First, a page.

A very common card trick involves the magician asking you to pick a card as he ripples through a deck of playing cards in front of you. Following a few misdirects, such as pretending to pick out the wrong card and burning it, the magician will reveal the card that you chose secretly in your head. How did they do this?
The solution to the trick is to simply trim the top of a card and placing it in front of a card that the magician chose ahead of time. Because of the small gap, the chosen card ends up being revealed longer than other cards to the person as the deck is being rippled. That slight increase in visibility makes it much more memorable, subtly nudging the person towards choosing it.
As simple as the trick may be, it highlights how often we are under the illusion of choice. As much as we hate to admit it, we are quite susceptible to suggestion and persuasion. This is the basis of subliminal messaging, hypnosis and many types of mentalism (magic tricks involving manipulation of the mind). When we make a choice, how do we know that it comes purely from our own free will and volition?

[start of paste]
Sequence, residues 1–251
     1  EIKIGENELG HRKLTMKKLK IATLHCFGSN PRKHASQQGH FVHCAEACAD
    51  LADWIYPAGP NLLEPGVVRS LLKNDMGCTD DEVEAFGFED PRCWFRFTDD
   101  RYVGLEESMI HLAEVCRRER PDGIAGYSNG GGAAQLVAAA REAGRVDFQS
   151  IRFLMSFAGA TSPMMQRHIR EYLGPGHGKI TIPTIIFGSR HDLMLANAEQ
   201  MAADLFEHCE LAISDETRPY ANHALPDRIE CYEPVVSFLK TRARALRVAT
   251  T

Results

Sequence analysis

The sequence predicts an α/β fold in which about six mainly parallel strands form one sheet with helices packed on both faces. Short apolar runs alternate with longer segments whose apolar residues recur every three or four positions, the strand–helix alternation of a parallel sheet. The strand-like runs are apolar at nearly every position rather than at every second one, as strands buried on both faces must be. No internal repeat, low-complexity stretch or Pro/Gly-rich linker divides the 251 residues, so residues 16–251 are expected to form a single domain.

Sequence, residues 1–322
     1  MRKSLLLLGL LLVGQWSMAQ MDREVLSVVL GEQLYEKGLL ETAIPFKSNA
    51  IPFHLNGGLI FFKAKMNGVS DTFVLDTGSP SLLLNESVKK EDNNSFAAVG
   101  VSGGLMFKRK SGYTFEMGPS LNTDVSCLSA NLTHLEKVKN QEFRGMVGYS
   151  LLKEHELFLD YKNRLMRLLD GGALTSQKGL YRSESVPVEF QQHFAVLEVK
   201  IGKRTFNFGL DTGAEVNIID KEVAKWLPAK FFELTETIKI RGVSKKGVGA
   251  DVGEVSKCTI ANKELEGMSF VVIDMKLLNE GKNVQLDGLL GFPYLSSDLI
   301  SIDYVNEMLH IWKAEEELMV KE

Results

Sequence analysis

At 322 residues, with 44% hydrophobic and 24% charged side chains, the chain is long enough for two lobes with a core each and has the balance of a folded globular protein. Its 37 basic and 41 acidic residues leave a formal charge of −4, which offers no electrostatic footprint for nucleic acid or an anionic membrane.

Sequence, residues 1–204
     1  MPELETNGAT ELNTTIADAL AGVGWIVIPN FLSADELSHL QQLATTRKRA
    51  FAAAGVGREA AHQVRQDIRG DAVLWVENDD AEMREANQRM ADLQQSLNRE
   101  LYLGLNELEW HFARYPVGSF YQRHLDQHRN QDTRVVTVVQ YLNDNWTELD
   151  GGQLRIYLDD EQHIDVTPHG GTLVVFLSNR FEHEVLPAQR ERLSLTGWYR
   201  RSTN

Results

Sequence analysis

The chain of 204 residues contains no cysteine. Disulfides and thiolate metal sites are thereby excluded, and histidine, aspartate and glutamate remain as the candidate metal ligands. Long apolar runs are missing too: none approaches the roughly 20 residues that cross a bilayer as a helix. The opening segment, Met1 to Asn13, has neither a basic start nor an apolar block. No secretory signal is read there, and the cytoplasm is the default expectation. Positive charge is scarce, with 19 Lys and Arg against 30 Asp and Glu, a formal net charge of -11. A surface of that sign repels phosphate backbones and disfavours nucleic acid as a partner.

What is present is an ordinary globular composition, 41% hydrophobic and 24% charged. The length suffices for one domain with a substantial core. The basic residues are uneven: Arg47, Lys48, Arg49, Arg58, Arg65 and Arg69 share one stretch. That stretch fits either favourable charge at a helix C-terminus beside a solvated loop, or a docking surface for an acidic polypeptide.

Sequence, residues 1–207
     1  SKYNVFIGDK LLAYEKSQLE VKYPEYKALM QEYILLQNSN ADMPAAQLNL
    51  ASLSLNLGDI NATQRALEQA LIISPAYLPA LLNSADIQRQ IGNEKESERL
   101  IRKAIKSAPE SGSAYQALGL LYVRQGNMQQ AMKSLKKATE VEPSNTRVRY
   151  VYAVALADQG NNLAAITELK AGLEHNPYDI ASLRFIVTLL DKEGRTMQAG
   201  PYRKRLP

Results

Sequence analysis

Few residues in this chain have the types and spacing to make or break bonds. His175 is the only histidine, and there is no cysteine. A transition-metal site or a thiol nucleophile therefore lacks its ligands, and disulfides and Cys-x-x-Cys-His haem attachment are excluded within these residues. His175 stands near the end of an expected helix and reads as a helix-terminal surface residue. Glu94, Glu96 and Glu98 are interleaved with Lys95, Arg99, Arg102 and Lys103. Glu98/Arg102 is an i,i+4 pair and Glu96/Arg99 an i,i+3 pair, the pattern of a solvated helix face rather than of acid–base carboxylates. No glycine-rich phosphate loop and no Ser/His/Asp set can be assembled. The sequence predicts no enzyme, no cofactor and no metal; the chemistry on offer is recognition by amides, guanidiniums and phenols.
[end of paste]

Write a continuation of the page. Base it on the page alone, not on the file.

Take for example the phenomenon of fake news. One of the dangers of fake news is that by using provocative, misleading headlines and summaries, it grabs our attention and leaves an impression. This means that unless we are vigilant about fact-checking and reading news from reputable sources, we can easily be manipulated into thinking or acting in a way that benefits those who released the fake news. The results of this may range from benign, such as persuading you to choose a certain brand of product over another, to something as sinister as affecting how you vote in an election or creating discord amongst the population of a country.
The field of psychology constantly reminds us of how flawed our minds are, with its numerous cognitive biases and ways it can be manipulated. We must be constantly aware of this fact to prevent ourselves from falling victim to those who try to take advantage of our thoughts and actions.